As the credits continue to roll and Derek Jeter tipped his cap for the final time at Yankee stadium, I would only hope educators and parents learn some lessons from this baseball hero.
Whether you love or hate Derek Jeter, there is no denying that he has taught children and adults nationwide a great deal about doing the right thing -- even when no one is watching. As a former teacher and education reporter, I hope parents and teachers will take the time to reflect on the positive messages that "The Captain" brought to the game every time he stepped into the batter's box. As we all know, when it comes to pro-athletes and celebrities, they don't always realize how their actions can influence or inspire others. But Jeter took his job seriously -- both on and off the field. His statistics speak for themselves: He won Rookie of the Year, played in 11 All-Star games, and won five World Series rings. And let's not forget his final at bat at Yankee Stadium - a smoking single to right field with a perfect storybook ending to give the New York Yankees a 6-5 victory over the Baltimore Orioles. What makes Jeter so great is he wanted that hit for the fans -- more than for himself. There was never any ego.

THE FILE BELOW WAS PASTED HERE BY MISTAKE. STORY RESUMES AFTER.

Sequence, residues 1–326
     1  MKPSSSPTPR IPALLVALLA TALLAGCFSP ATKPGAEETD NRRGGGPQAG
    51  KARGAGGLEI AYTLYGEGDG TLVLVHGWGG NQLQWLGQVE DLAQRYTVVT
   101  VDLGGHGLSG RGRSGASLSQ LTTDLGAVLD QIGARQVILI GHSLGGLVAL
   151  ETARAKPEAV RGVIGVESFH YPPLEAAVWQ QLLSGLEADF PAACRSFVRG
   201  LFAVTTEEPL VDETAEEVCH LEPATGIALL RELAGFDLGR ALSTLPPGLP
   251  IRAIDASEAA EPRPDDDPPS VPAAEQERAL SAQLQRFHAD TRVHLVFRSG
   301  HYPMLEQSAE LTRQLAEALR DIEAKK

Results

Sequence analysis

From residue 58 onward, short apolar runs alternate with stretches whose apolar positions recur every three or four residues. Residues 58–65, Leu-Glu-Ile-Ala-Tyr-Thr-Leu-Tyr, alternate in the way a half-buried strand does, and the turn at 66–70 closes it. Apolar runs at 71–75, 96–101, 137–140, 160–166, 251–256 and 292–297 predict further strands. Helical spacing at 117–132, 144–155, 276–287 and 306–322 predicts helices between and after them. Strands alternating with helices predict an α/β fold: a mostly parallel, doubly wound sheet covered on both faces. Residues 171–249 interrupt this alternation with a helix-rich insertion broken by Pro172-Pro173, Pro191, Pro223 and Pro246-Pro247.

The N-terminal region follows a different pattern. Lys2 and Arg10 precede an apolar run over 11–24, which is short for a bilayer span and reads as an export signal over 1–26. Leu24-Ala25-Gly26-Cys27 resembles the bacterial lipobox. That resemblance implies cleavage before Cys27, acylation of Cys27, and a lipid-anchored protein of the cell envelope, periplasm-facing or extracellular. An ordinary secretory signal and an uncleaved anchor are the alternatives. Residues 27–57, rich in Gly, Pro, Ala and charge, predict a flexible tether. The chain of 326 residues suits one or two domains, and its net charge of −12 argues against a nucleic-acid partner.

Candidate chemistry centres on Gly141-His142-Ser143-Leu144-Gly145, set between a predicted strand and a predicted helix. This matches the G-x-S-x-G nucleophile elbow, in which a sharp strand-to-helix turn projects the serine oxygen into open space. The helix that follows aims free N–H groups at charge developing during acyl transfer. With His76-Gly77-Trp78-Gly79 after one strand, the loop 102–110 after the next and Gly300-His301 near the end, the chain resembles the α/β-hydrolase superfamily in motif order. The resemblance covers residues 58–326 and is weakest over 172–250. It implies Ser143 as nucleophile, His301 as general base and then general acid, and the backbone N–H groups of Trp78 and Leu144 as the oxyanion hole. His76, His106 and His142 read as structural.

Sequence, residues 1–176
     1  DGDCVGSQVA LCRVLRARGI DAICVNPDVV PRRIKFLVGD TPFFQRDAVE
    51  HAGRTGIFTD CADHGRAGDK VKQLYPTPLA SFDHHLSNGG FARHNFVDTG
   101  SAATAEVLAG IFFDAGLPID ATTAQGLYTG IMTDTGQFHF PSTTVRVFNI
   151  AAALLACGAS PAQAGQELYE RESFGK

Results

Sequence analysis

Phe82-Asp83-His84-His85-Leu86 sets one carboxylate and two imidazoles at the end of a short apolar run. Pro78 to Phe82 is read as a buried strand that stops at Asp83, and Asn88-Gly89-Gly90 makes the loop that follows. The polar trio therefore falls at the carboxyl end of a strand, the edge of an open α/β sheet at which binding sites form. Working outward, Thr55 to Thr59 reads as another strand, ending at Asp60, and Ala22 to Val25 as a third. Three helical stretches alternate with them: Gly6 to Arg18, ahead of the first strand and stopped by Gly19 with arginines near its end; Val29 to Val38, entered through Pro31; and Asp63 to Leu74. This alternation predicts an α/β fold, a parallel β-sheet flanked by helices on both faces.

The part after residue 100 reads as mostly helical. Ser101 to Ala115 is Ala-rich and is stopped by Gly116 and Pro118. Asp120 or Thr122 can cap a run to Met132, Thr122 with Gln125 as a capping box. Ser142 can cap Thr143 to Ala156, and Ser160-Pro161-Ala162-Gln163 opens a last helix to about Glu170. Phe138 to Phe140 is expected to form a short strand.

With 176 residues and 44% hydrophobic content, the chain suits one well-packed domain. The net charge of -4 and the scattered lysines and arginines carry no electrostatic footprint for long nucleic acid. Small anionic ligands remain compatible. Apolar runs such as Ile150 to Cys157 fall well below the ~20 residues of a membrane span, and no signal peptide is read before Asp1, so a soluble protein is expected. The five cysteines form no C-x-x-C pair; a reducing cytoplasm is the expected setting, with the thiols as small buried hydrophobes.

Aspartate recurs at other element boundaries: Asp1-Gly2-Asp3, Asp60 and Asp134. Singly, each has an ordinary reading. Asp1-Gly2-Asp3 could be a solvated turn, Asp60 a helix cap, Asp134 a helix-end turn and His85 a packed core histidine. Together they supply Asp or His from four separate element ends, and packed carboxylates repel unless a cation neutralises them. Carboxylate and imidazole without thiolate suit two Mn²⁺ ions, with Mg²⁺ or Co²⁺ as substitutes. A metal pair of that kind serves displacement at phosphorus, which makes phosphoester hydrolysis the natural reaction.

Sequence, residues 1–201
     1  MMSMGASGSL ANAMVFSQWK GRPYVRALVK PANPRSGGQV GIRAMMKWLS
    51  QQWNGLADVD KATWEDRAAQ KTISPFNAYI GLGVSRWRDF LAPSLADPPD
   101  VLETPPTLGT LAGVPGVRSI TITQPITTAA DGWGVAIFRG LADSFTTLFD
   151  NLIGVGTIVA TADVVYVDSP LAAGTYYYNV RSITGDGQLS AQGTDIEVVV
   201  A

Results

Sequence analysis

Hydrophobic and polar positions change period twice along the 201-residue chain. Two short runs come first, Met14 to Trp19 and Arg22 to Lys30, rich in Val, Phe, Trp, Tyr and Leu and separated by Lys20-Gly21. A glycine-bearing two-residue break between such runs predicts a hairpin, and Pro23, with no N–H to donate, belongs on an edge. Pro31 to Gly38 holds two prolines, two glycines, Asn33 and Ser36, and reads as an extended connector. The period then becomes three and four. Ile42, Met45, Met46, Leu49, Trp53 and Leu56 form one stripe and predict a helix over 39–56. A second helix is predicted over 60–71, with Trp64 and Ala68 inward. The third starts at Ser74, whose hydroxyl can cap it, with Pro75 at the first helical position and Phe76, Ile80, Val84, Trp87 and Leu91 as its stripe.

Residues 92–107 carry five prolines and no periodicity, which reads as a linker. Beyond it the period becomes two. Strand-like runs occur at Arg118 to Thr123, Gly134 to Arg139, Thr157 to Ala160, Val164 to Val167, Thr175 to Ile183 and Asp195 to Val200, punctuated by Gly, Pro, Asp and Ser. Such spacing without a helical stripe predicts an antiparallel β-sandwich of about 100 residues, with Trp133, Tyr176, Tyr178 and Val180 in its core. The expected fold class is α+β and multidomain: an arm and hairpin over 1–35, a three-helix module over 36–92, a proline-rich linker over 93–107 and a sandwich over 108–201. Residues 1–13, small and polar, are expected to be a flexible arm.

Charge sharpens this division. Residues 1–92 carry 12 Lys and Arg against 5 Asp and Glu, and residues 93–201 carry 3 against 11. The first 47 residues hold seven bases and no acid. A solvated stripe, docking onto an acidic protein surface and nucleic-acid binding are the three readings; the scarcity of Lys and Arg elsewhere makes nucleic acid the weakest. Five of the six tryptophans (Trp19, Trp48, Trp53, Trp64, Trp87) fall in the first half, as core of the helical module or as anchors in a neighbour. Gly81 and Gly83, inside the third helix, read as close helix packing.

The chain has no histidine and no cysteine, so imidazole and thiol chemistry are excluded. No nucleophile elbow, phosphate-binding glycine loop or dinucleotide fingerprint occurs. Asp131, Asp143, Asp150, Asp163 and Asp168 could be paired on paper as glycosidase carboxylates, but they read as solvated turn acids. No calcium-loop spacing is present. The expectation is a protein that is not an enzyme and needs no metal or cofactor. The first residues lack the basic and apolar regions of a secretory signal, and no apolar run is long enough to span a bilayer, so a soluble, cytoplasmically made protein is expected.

But - there's much more. Here are some of the lessons that Derek Jeter and his parents can teach those working in the education system.
A is for "action"
Derek Jeter didn't talk about what he did. His actions spoke for themselves. He works his butt off and never shows up his opponents. He's been quoted a lot over the last two decades but perhaps his most famous quote is the one that can speak volumes to students.
"There may be people who have more talent than you, but there's no excuse for anyone to work harder than you do." -Derek Jeter
B is for "bullies"